This will be a red-before-yellow snake; I can’t remember what they’re called. I know that Red-before-Black is a California King Snake; I think the other is called a Coral snake. He’d see it and reach down, because he’s dumb, and would want to pick it up, because he’s dumb. Dumb. Then it would bite him – just a small bite, on the finger. But the Coral snake’s venom is very fast-acting and deadly. There’s a major blood vessel in your hands, you know – yup – and once the poison gets in there, it’d go straight to his heart. He’d yell and drop the snake, and my mom would begin to worry, that the snake may be poisonous, but she’d have no idea how fast-acting the venom is. They’d begin walking home, and my mom would decide to go to the hospital on the way home to get the bite checked out. It’d be at least two miles to the car from where they are. On the hike down the mountain Isaac would faint; the poison would have reached his heart, at last. My mother would fall to her knees, and fumble with her cell-phone trying to call 911 and explain where they are. She’d struggle to remember what the snake looked like and what the colour pattern was, when the emergency responder would inquire. In the midst of her panic, she would vaguely remember me, trying to teach the whole family about dangerous snakes. And she’d wished she had only listened.
Someone is moving near my bed. I pretend to be sleeping. Soon enough, the person leaves and I drift off to sleep, lulled by the gentle rhythm of the poem now stuck in my head.
“Red before black; you’re okay, Jack. Red before yellow; you’re a dangerous fellow.”
Sunlight streams through an open window into the hospital room. Abbey stirs in her bed, as a nurse bustles in for her morning check-up.
“Good morning, Abbey!” says the nurse, in an awfully chipper, sing-song voice. “Rise and shine; your parents are visiting today! And your brother might even tag along with them; won’t that be nice?”
Abbey curses the nurse under her breath, and sticks out her arm for her morning blood-test. She hates this nurse, Jessica. She hates Jessica.
Jessica looks over at Abbey’s face as she fusses with the IV and blood-bag. She looks pale, Jessica thinks, and thin; she’s been looking worse every day. And her poor parents!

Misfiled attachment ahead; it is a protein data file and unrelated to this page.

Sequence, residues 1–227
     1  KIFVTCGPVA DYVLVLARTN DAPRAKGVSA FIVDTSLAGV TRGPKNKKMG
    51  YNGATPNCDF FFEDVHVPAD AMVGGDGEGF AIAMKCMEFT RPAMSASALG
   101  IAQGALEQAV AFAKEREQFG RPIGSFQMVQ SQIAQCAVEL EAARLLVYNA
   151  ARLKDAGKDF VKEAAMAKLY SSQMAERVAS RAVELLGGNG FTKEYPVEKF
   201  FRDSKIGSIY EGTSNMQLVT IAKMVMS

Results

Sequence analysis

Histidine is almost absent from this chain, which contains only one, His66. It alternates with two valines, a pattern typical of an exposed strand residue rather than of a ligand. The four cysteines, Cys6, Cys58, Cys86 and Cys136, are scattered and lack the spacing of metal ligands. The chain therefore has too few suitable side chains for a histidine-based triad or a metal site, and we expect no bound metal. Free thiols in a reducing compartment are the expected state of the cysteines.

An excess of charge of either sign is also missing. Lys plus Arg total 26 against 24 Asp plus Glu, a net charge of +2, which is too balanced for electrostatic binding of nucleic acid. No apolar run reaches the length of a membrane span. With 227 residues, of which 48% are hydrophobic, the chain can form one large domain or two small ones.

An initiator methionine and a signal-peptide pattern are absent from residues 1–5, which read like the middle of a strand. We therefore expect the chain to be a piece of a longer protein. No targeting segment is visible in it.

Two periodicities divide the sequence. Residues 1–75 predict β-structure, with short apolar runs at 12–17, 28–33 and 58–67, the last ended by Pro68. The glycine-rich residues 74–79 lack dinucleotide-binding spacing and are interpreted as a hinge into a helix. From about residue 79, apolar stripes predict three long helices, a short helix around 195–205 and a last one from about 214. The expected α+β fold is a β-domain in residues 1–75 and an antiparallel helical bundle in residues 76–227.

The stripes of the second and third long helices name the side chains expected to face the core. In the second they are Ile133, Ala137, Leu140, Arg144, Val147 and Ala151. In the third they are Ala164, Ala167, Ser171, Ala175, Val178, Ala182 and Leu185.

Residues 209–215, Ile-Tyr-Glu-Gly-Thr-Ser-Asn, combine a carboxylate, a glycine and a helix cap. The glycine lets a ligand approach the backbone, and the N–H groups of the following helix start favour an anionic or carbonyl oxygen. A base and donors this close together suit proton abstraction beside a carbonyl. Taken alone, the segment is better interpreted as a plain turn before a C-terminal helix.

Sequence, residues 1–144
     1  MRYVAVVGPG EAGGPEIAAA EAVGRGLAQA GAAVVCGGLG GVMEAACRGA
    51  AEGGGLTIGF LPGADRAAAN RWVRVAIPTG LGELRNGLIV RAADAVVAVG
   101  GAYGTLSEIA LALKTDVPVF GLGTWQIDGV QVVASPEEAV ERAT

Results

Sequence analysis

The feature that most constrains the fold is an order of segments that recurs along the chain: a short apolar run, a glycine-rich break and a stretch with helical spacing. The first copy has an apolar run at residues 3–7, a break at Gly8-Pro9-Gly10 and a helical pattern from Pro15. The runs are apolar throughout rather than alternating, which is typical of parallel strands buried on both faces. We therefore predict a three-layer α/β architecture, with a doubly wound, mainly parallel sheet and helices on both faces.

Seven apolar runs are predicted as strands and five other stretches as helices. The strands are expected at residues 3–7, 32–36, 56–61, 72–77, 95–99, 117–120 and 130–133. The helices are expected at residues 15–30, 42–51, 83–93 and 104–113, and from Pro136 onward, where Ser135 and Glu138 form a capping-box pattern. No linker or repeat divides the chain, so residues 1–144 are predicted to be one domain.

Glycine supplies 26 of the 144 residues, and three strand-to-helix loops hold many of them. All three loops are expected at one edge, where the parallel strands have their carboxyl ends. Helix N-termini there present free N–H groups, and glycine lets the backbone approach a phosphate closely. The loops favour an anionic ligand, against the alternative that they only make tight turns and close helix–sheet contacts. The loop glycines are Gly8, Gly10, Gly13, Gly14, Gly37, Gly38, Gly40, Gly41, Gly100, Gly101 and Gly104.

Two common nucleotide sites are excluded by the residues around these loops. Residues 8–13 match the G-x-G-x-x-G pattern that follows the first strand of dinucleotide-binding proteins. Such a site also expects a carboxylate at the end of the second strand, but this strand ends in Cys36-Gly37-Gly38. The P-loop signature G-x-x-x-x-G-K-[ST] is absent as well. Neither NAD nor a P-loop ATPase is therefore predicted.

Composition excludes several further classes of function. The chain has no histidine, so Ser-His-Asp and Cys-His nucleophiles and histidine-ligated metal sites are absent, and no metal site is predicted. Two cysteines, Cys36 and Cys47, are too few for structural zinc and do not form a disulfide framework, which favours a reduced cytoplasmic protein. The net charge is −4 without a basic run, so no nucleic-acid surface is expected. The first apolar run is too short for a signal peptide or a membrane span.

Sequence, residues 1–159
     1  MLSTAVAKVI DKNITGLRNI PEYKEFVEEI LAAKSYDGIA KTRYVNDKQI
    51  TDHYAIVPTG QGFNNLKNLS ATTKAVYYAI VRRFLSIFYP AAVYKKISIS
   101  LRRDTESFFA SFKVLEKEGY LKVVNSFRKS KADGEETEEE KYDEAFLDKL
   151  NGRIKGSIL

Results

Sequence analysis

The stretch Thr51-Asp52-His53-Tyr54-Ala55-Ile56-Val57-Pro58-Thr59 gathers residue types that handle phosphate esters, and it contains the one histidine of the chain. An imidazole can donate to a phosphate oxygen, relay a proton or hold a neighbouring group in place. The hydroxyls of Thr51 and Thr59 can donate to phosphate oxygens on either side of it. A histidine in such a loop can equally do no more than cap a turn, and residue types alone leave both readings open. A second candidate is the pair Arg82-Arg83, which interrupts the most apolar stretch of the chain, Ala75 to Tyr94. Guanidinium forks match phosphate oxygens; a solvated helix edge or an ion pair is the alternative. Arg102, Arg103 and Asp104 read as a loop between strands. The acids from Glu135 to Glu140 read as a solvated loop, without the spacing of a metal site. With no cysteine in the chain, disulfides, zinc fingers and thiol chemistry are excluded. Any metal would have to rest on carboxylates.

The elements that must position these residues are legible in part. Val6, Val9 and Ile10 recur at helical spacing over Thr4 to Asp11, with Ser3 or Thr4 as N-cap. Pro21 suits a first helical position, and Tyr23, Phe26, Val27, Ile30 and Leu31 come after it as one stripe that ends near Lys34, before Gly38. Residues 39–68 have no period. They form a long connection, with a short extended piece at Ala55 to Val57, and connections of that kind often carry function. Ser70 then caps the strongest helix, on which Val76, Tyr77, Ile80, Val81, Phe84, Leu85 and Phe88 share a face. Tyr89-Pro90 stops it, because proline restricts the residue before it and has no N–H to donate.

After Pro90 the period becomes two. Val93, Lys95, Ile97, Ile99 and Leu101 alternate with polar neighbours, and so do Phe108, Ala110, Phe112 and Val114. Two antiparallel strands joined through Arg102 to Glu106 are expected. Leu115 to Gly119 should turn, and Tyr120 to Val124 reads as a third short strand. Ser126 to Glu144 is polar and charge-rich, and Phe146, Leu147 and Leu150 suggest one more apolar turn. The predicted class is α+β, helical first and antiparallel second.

Abbey wishes it were Heidi on call today; she finds coping with her parents easier, when she has Heidi’s rolling eyes to commiserate with hers. Plus, Heidi is the best, on her chemo days, and today is going to be a chemo day. After Jessica finishes the check-up, she scribbles something on her chart, and asks Abbey what she would like for breakfast. Jessica sing-songs her way out of the room, with the promise of cereal close behind her.
Abbey rolls over and looks at some of the pictures on her wall – long-term patients are allowed to decorate. There are things her friends have brought and hung up, and a family portrait. The day she was moved here, her mother hung it, as though to say, “we expect you to be here awhile.”
Around mid-day, her mother and father sneak into the room. Abbey is reading a book; she doesn’t look up. Abbey looks paler than she did last week, her mother notices.
“Hi, honey,” she says, in the same sing-song voice that Jessica is prone to using. “How’re you feeling? How’s everything? How’s the food?” she asks, trying to sound concerned.
The remnants of cereal are in a bowl by Abbey’s bed, but there’s no sign of lunch. The doctors did mention that she might lose her appetite toward the end.
“Whatcha reading, kid?” asks her dad.
“Roth,” Abbey replies, and her dad nods, approvingly.
“We’re sorry Isaac couldn’t come, hun,” says her mother, hoping Abbey won’t be too disappointed. Isaac hasn’t been here in months, but he’s just such a sensitive child; being here isn’t good for him.
“Again?” says Abbey.
“Well, he wanted to, but he was just so busy practicing for his big audition… You’re not too disappointed, are you, sweetie?”
“Not at all,” says Abbey.
“He sends his love!”
“I send mine back.”
Abbey makes a mental note to practice that fake smile her mother is so good at.